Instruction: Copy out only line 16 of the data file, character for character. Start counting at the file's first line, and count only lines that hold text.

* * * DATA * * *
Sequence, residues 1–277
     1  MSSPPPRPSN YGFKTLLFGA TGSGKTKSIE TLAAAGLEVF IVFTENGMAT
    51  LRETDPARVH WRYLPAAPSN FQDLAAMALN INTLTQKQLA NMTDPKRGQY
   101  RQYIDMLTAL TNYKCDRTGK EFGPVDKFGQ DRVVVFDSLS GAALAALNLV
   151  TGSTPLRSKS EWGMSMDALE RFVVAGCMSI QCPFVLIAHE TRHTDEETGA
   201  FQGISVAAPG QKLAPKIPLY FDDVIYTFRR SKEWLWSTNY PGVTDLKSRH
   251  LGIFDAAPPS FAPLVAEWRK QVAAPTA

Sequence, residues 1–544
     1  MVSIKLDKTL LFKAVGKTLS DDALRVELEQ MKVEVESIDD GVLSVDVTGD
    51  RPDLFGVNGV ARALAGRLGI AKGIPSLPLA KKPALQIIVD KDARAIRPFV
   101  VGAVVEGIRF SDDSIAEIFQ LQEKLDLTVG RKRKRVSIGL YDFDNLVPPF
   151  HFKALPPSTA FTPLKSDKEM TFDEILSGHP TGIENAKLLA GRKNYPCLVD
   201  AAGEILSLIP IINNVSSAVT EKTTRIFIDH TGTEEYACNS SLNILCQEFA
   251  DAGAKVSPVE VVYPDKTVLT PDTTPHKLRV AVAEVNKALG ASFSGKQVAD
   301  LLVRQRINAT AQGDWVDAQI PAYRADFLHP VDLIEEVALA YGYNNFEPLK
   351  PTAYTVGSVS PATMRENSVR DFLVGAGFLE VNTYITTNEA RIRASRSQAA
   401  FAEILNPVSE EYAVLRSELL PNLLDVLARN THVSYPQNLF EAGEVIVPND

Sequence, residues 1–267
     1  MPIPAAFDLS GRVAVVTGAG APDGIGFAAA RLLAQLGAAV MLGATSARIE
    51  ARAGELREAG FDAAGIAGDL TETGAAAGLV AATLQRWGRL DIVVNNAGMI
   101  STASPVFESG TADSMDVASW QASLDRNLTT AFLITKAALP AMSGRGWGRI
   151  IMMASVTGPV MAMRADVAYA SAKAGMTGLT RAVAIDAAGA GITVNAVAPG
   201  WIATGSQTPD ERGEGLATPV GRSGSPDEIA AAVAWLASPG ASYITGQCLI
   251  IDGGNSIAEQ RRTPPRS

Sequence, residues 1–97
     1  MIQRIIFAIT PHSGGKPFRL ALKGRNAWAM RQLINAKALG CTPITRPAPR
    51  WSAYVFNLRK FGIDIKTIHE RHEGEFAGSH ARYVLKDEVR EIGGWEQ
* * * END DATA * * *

   351  PTAYTVGSVS PATMRENSVR DFLVGAGFLE VNTYITTNEA RIRASRSQAA